Mitt Romney’s selection of Wisconsin Rep. Paul Ryan as his vice presidential running mate is a decision that will impact congressional races this fall. Of that we are certain.

But, where might Ryan on the national ticket grow into a major issue? Based on demographic data, history and the candidates running, below are five races in which the Ryan ripple effect is worth watching in the fall.

Rep. Kathy Hochul (D-N.Y.) could face another race in which Medicare is a central issue. (Harry Scull Jr/AP)

* Montana Senate race: The GOP nominee, Rep. Denny Rehberg, voted against Ryan’s budget in the House not once but twice. It’s not hard to see why. Montana has a substantial elderly population, and Ryan’s proposal to revamp Medicare into a voucher system is grounds for a Democratic attack. Ryan’s proposal only affects those currently under 55. But national polling shows an aversion to changing Medicare at all. Pair that with Democratic attempts to cast Ryan and his supporters as enemies of seniors, and you have a potentially potent political weapon.

Exit polling in 2008 showed that voters over 65 years old represented 18 percent of the state’s electorate, a couple of ticks higher than the 16 percent national figure. Arizona Sen. John McCain won Montana seniors by four points, which was just half of his advantage nationwide among seniors.

On Saturday, Rehberg praised Ryan, but also offered a reminder that he hasn’t always agreed with the House Budget Committee chairman. The jury is still out on whether Democrats can leverage the Ryan VP pick as an effective way to tie Rehberg to the Wisconsin Republican, but the task is easier than it was on Friday.

* New York 27th District race: Now-Democratic Rep. Kathy Hochul unexpectedly won a three-way special election in 2011 in part because the issue of Medicare (and the Ryan plan) was a focal point of the campaign. Now, Hochul faces a tough reelection race in a Buffalo-area district in which a majority of voters preferred McCain in the 2008 presidential race.

One of the reasons Hochul won in 2011 was that her opponent, Republican Jane Corwin, was slow to respond to Democratic attacks tying her to a plan to “end Medicare.” Corwin even acknowledged during the campaign’s 11th hour that her response should have been quicker. She supported the Ryan plan, but did a poor job of explaining it and didn’t anticipate the issue would drown out other matters.

This cycle, Hochul faces Chris Collins, a Republican who has refused to take a position on the Ryan budget. He has pivoted to an attack tying Hochul to the Medicare Advantage cuts in President Obama’s health care law. Hochul has said she opposes the the cuts to Medicare Advantage, even as she supports the law more broadly.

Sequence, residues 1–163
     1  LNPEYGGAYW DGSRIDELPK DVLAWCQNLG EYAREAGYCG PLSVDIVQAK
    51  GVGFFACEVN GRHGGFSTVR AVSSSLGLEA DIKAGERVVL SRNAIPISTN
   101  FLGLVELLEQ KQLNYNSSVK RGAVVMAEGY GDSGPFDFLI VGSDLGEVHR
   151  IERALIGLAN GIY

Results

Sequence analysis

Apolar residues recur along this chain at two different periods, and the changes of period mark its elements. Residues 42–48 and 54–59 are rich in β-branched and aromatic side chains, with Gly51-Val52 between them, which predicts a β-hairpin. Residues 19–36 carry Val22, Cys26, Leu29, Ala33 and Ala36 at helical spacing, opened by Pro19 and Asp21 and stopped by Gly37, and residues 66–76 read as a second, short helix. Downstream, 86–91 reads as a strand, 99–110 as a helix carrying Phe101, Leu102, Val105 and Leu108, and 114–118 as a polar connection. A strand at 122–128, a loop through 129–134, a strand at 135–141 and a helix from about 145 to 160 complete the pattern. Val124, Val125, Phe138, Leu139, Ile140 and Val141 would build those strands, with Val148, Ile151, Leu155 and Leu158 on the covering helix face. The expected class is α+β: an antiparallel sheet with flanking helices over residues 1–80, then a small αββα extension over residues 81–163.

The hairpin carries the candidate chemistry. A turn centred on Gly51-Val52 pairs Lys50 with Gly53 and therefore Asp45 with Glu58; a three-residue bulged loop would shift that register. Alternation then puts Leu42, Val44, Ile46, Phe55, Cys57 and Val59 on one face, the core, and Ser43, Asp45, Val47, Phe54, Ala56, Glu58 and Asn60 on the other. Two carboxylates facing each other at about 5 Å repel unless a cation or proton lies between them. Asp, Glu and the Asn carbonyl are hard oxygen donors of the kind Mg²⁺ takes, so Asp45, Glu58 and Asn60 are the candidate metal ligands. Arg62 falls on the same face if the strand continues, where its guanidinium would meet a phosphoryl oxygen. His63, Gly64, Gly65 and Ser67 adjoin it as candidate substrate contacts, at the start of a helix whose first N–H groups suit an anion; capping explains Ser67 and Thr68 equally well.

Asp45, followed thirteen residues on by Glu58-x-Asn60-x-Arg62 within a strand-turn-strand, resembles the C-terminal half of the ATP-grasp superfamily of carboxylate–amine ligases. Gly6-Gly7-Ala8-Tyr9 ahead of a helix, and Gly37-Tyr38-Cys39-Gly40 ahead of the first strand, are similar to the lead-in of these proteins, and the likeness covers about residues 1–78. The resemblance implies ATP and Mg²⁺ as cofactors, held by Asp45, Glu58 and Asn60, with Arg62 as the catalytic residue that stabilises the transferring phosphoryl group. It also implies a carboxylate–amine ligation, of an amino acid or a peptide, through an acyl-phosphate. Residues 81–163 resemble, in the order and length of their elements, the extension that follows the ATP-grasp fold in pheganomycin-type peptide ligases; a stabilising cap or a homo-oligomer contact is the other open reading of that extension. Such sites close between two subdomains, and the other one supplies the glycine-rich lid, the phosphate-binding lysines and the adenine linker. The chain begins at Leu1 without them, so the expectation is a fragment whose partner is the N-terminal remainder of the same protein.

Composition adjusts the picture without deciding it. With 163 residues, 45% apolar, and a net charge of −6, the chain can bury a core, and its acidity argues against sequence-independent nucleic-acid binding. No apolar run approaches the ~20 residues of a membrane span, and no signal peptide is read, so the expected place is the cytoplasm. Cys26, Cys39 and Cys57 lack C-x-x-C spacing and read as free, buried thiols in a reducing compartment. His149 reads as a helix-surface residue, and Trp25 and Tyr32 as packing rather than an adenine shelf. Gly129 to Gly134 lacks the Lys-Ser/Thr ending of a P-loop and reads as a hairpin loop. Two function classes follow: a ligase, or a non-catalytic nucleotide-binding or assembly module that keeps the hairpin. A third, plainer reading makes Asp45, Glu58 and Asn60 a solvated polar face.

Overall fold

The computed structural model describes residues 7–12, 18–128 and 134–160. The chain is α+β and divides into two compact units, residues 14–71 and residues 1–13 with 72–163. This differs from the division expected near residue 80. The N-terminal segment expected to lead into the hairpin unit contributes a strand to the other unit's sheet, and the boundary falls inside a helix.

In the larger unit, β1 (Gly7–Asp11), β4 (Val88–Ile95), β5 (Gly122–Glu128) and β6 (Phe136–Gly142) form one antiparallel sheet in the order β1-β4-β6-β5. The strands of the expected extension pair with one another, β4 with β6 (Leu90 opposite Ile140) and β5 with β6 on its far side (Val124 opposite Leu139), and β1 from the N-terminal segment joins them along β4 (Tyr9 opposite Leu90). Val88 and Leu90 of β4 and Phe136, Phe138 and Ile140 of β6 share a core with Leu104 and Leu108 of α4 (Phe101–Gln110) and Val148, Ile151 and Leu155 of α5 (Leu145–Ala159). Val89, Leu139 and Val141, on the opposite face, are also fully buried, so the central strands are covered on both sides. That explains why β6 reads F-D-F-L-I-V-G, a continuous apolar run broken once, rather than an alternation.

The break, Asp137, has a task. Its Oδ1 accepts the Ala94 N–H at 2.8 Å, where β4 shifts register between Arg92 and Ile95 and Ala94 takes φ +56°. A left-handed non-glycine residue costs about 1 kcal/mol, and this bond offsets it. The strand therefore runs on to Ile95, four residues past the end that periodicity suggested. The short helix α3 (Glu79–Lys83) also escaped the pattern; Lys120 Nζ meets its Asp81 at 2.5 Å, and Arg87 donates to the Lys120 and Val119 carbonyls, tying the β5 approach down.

The selection of Ryan as Romney’s running mate puts an issue Hochul deftly navigated in 2011 back into the spotlight. The Buffalo News piece (headlined “Collins is mum on Ryan budget”) was a front page story. Collins’s non-response could be an effective tactic, or it could end up leaving voters dissatisfied with him not taking a position.

* Florida Senate race: In April, Rep. Connie Mack IV, the likely Republican nominee against Sen. Bill Nelson (D), called the Ryan budget “a joke, doesn’t balance the budget for years.” His spokesman later said that Mack was calling the vote process, not the budget proposal itself, a joke. He added that Mack, who missed the spring vote, would have voted for the measure.

But the muddled response is ripe for Democrats to raise the issue again and ask where Mack stands. With Ryan on the GOP’s national ticket, and Florida retaining its status a highly-prized swing state at the presidential level, Romney’s campaign will be making a full court press in the fall, which means ample opportunity for Democrats to raise the issue down the ballot. Romney says he will run on his own budget, not Ryan’s. But that won’t stop Democrats from linking the two.

Seniors made up over a third of the 2010 electorate in Florida, according to exit poll data. As in Montana, arguments against Ryan could swing some senior voters over to the Democratic side, even though Ryan’s proposed policy does not affect them.

* Nevada Senate race: GOP Sen. Dean Heller is in a unique position: He voted for the Ryan budget in the House and Senate last year, but voted against it in the Senate this year. (Heller was appointed to fill the seat of Sen. John Ensign last year.)

Heller’s record on the matter could receive more scrutiny with Ryan on the national ticket. Democrats will be able highlight the discrepancy between his House vote and his Senate record. Seniors made up over 20 percent of the Nevada electorate in 2010, according to exit poll data, meaning that Heller must navigate the issue carefully with an influential portion of the electorate.

* North Dakota Senate race : While North Dakota is an increasingly red state, it’s not one that shuns government involvement. So an effort to reshape a long-standing entitlement isn’t going to play as well here as it would somewhere else. For Democrats, Rep. Rick Berg’s (R) votes in favor of the Ryan will fuel arguments that Berg’s views are out of step with the state.

Republicans have been wagering that their repeated attempts to tie Democratic nominee Heidi Heitkamp to the federal health care law will pay dividends, but that attack is more about tying her to Obama (who isn’t terribly popular in the state) than it is about connecting her to a government program. If Democrats can shift the focus from that story line to one about Ryan and Berg, then they will have dampened a potentially bruising line of attack.